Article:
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Caballero v. Boney

United States District Court, W.D. North Carolina, Charlotte Division

May 17, 2018

ALFONZO CABALLERO, Plaintiff,
v.
PHILLIP BONEY, et al., Defendants.

          ORDER

          Frank D. Whitney, Chief United States District Judge.

         THIS MATTER is before the Court on initial review of the Complaint, [1] (Doc. No. 1). Plaintiff has been granted leave to proceed in forma pauperis. (Doc. No. 4).

         I. BACKGROUND

         Pro se Plaintiff, a North Carolina prisoner, filed this action pursuant to 42 U.S.C. § 1983. He is complaining about an incident that occurred at the Lanesboro Correctional Institution on June 12, 2014.[2] He names as Defendants the following Lanesboro C.I. employees: Officer Phillip Boney, Officer Burke, Officer Heh, Officer Mack, Officer Mcintosh, Officer Smith, and Officer Holder.

         Liberally construing the Complaint and accepting the allegations as true, Plaintiff was being escorted to the rec yard in handcuffs when Officer Smith called him a "wetback m.... f... .r Mexican, " threw him to the floor, placed his knee on Plaintiffs back, held his head still, and beat him by hitting various parts of his body. (Doc. No. 1 at 4). Officers Boney, Mack, Mcintosh, Goss, Holder, Bruce, Burke, Heh, and Smith all joined in the beating. Plaintiff was not a threat to the officers and did not resist. The beating was an act of retaliation and occurred after a long history of harassment, bias, racial slurs, threats, intimidation, and prejudice toward Mexicans. Plaintiff sustained fractures to his right hand, one foot, and shoulder, and injuries to his left hand, arms, head, and face. He has problems walking due to these injuries. Plaintiff seeks punitive damages of $50, 000 from each Defendant.

         II. STANDARD OF REVIEW

         A "court shall dismiss [a prisoner's] case at any time if the court determines that ... the action or appeal ... fails to state a claim on which relief may be granted." 28 U.S.C. § l9l5(e)(2)(B)(ii). A complaint should not be dismissed for failure to state a claim "unless 'after accepting all well-pleaded allegations in the plaintiffs complaint as true and drawing all reasonable factual inferences from those facts in the plaintiffs favor, it appears certain that the plaintiff cannot prove any set of facts in support of his claim entitling him to relief" Veney v. Wyche, 293 F.3d 726. 730 (4th Cir. 2002) (quoting Edwards v. City of Goldsboro. 178 F.3d 231, 244 (4th Cir. 1999)). In its frivolity review, a court must determine whether the Complaint raises an indisputably meritless legal theory or is founded upon clearly baseless factual contentions, such as fantastic or delusional scenarios. Neitzke v. Williams. 490 U.S. 319, 327-28 (1989).

         A pro se complaint must be construed liberally. Haines v. Kerner, 404 U.S. 519, 520 (1972); see also Smith v. Smith, 589 F.3d 736, 738 (4th Cir. 2009) ("Liberal construction of the pleadings is particularly appropriate where ... there is a pro se complaint raising civil rights issues."). However, the liberal construction requirement will not permit a district court to ignore a clear failure to allege facts in his complaint which set forth a claim that is cognizable under federal law. Weller v. Dep't of Soc. Servs.. 901 F.2d 387 (4th Cir. 1990). A pro se complaint must still contain sufficient facts "to raise a right to relief above the speculative level" and "state a claim to relief that is plausible on its face." Bell Atl. Corp. v. Twombly, 550 U.S. 544, 555, 570 (2007); see Ashcroft v. Iqbal, 556 U.S. 662 (2009) (the Twombly plausibility standard applies to all federal civil complaints including those filed under § 1983). This "plausibility standard requires a plaintiff to demonstrate more than a sheer possibility that a defendant has acted unlawfully." Francis v. Giacomelli, 588 F.3d 186, 193 (4th Cir. 2009) (internal quotation marks omitted). He must articulate facts that, when accepted as true, demonstrate he has stated a claim entitling him to relief. Id.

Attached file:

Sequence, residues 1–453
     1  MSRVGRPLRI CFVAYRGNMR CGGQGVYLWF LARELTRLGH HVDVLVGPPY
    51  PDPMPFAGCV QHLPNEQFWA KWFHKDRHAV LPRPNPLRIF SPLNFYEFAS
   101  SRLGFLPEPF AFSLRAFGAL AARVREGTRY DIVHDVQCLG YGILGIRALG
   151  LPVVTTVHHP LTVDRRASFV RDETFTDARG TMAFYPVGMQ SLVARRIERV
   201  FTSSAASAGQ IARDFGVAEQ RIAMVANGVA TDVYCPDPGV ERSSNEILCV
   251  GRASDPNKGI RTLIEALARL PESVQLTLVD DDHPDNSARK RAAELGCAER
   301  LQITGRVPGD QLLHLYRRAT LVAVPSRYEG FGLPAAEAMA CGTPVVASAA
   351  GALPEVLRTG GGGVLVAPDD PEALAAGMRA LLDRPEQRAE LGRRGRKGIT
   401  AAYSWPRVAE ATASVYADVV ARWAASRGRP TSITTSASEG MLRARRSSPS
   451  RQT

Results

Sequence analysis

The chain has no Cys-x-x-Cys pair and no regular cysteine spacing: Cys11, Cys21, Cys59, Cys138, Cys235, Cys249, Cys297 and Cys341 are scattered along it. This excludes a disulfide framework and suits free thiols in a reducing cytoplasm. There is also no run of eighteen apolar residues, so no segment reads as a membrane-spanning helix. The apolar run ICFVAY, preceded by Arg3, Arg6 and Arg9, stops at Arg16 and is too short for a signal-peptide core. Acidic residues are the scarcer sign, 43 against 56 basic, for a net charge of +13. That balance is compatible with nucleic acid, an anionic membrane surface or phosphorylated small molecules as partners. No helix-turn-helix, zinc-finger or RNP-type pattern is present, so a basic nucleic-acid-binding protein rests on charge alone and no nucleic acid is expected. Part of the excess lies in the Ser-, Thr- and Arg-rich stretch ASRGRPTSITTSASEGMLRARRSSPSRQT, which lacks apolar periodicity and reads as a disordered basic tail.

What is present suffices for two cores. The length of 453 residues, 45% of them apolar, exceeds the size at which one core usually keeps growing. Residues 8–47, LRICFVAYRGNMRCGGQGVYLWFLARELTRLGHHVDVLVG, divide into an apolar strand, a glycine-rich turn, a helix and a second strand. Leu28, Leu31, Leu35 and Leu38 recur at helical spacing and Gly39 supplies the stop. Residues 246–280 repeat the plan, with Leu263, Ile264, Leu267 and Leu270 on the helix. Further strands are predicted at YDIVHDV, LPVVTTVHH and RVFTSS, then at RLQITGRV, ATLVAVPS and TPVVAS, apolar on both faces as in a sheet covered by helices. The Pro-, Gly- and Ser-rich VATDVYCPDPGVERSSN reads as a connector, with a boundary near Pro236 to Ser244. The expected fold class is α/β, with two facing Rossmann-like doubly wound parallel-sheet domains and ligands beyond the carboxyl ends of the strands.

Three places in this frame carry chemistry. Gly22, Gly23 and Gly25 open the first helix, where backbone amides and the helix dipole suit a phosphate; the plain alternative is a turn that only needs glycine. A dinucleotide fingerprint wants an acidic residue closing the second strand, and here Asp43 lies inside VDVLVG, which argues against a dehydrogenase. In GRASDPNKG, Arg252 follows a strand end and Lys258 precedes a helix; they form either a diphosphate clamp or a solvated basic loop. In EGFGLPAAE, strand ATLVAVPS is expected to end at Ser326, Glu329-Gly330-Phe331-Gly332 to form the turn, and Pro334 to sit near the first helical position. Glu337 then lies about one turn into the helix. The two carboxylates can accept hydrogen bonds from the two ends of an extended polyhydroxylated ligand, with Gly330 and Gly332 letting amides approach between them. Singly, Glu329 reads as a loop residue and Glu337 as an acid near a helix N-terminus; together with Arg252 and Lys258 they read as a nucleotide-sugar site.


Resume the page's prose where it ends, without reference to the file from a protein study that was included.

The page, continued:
III. DISCUSSION

         (1) Unnamed Individuals

         The Federal Rules of Civil Procedure provide that, "[i]n the complaint the title of the action shall include the names of all the parties." Fed.R.Civ.P. 10(a); see Myles v. United States, 416 F.3d 551 (7th Cir. 2005) ("to make someone a party the plaintiff must specify him in the caption and arrange for service of process."). Although pro se litigants are entitled to have their pleadings liberally construed, Haines, 404 U.S. at 520, "[d]istrict judges have no obligation to act as counsel or paralegal to pro se litigants, " Pliler v. Ford, 542 U.S. 225 (2004).

         The body of the Complaint refers to individuals who are not named as defendants in the caption as required by Rule 10(a). This failure renders Plaintiffs allegations against them nullities. See, e.g., Londeree v. Crutchfield Corp., 68 F.Supp.2d 718 (W.D. Va. Sept. 29, 1999) (granting motion to dismiss for individuals who were not named as defendants in the compliant but who were served). Therefore, this cause cannot proceed on any claims against individuals who are not named in the caption of the Complaint and, to the extent Plaintiff intended to assert claims against them, they are dismissed.[3]

(2) Excessive Force

         "[T]he treatment a prisoner receives in prison and the conditions under which he is confined are subject to scrutiny under the Eighth Amendment, " Helling v. McKinney, 509 U.S. 25, 31 (1993). In its prohibition of "cruel and unusual punishments, " the Eighth Amendment places restraints on prison officials, who may not, for example, use ...


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